• There is one mainnet and several testnets (Ropsten, Rinkeby, Kovan, Goerli,...). Therefore, if one testnet is overloaded, users can migrate to another.

Anyone can get unlimited amounts of ETH on it, so why do miners mine the next block at all?

You are limited in the number of faucets you can request per hour. That's because the number of faucets, although very large (more than 1 000 000 000 000 according to https://teth.bitaps.com/), is limited on Ropsten.

What economic incentive does anyone have to mine Ropsten and other networks?

Most of the Ropsten miners are developers wanting to improve the dApp development on Ethereum by providing a test network, mirroring the main one, and where everyone can practice. They also gain a lot of faucets which saves them time and allows them to test their smart contracts more effectively. I believe the majority of those who maintain test networks are not actually motivated by economic incentives, but rather are enthusiasts who want to improve Ethereum.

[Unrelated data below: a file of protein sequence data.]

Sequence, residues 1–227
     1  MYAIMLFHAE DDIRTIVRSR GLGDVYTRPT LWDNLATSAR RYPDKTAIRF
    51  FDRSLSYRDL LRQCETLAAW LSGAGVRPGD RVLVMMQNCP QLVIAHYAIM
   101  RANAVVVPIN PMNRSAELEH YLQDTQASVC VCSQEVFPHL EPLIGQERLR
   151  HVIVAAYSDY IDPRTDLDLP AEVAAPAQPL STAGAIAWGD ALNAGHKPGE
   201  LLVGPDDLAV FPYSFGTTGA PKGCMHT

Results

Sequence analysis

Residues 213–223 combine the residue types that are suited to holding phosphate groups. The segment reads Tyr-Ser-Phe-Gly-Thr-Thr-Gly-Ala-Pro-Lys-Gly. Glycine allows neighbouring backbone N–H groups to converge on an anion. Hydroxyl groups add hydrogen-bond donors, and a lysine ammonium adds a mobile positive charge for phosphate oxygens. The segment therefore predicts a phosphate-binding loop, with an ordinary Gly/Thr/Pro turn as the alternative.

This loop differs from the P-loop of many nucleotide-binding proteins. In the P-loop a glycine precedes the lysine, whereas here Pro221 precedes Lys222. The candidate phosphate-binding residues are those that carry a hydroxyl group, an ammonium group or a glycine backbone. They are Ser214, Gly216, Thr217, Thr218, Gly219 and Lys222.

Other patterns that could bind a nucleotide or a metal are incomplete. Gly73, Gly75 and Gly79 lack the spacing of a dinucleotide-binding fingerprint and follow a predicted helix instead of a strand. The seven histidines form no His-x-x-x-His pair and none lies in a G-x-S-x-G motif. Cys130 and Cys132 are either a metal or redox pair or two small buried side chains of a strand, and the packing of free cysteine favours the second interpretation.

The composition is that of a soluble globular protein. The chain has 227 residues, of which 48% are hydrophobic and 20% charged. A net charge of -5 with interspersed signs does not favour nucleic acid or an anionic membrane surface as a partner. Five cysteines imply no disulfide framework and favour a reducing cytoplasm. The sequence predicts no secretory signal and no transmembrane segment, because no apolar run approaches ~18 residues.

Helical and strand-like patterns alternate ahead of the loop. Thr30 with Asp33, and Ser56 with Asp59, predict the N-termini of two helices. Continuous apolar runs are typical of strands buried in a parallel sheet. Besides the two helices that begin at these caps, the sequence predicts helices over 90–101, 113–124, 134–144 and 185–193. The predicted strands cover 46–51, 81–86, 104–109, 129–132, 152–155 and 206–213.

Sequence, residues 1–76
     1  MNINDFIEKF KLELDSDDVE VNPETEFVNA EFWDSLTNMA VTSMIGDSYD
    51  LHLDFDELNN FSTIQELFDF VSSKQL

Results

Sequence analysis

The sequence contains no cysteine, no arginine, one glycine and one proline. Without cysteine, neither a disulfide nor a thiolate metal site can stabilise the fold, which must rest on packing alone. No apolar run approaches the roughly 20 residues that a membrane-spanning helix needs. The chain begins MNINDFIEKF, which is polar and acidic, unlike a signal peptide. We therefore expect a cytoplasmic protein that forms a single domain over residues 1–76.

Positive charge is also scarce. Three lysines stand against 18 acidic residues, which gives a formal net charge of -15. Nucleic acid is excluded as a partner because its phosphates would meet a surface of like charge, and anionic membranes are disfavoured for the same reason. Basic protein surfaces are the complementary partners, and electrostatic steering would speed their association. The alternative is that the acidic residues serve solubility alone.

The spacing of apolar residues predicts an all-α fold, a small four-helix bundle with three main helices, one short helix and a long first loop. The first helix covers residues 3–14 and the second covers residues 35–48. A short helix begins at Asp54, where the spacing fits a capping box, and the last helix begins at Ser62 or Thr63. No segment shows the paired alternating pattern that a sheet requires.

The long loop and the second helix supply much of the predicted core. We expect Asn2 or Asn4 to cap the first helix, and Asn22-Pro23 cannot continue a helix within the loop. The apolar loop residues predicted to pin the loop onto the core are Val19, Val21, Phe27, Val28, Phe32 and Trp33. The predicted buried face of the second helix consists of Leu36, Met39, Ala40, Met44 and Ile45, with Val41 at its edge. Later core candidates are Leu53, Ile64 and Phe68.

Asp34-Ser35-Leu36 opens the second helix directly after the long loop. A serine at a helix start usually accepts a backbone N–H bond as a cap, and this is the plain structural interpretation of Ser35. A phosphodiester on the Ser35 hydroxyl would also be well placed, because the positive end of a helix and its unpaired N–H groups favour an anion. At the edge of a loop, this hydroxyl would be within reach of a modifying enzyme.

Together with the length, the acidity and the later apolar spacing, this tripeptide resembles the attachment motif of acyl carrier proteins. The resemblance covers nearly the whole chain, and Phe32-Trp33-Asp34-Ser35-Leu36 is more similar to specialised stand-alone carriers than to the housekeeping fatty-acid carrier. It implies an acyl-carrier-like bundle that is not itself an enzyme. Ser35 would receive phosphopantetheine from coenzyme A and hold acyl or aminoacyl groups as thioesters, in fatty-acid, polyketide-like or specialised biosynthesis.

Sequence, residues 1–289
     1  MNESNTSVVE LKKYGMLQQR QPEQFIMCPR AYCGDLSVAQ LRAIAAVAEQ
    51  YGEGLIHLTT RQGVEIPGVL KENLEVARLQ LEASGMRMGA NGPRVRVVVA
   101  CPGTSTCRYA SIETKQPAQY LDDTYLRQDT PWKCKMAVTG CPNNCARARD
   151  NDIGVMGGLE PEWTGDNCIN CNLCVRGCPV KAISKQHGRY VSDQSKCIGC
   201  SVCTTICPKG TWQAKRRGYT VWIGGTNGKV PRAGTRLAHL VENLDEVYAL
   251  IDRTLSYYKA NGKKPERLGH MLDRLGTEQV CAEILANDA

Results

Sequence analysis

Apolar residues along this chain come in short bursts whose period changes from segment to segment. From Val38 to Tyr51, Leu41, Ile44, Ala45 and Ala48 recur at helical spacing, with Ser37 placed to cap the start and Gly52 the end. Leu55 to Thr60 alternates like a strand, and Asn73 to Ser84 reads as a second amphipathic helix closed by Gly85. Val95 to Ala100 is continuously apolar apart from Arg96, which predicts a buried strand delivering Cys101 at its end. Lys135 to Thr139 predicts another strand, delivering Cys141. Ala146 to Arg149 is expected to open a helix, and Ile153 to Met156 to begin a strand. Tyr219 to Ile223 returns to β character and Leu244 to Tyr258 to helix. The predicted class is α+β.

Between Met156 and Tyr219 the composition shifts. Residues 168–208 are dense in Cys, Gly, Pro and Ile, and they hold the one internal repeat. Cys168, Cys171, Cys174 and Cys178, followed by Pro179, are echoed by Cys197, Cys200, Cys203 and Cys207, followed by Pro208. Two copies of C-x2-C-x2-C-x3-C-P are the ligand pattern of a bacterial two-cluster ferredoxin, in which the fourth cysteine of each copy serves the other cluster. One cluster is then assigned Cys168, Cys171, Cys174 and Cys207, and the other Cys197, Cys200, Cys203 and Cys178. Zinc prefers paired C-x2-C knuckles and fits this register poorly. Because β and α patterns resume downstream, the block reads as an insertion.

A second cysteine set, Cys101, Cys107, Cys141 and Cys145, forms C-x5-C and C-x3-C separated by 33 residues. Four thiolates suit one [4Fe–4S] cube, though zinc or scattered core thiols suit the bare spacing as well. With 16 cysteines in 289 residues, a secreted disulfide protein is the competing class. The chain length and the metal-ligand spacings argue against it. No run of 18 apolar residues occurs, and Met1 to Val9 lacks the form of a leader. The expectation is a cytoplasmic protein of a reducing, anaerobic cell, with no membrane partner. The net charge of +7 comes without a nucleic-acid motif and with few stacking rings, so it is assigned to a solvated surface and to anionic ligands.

On another side, there are several faucet websites with a ton of advertising and asking for registration. I wouldn't be surprised if they sold data registration (email, etc) to third parties. It is clear that some testnet miners try to take advantage of their faucets.

can they be used (the testnets) for smart contracts that expect payment in custom ERC20 tokens

To answer the last part of your question, you can create any dApps on a testnet and manipulate faucets and tokens. However, this is for testing purposes only and all ethers and tokens on it have no value.

You mention the "good-enough" security of Ropsten. Note that PoW testnets such as Ropsten are not very secure, as the amount of power needed for an attack is not quite expensive. It happened in the past (Ropsten testnet is under kind of attack? What can we do?).